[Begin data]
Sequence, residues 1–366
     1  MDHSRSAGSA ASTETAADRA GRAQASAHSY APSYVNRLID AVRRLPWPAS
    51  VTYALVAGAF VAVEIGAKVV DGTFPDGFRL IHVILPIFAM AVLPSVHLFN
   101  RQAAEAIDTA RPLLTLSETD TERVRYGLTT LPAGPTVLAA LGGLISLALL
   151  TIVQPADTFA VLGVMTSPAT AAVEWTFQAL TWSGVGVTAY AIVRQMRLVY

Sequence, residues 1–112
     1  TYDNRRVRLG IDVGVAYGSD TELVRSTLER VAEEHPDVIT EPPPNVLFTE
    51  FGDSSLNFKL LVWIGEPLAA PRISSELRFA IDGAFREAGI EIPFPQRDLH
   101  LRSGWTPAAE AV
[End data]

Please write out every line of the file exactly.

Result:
Sequence, residues 1–366
     1  MDHSRSAGSA ASTETAADRA GRAQASAHSY APSYVNRLID AVRRLPWPAS
    51  VTYALVAGAF VAVEIGAKVV DGTFPDGFRL IHVILPIFAM AVLPSVHLFN
   101  RQAAEAIDTA RPLLTLSETD TERVRYGLTT LPAGPTVLAA LGGLISLALL
   151  TIVQPADTFA VLGVMTSPAT AAVEWTFQAL TWSGVGVTAY AIVRQMRLVY

Sequence, residues 1–112
     1  TYDNRRVRLG IDVGVAYGSD TELVRSTLER VAEEHPDVIT EPPPNVLFTE
    51  FGDSSLNFKL LVWIGEPLAA PRISSELRFA IDGAFREAGI EIPFPQRDLH
   101  LRSGWTPAAE AV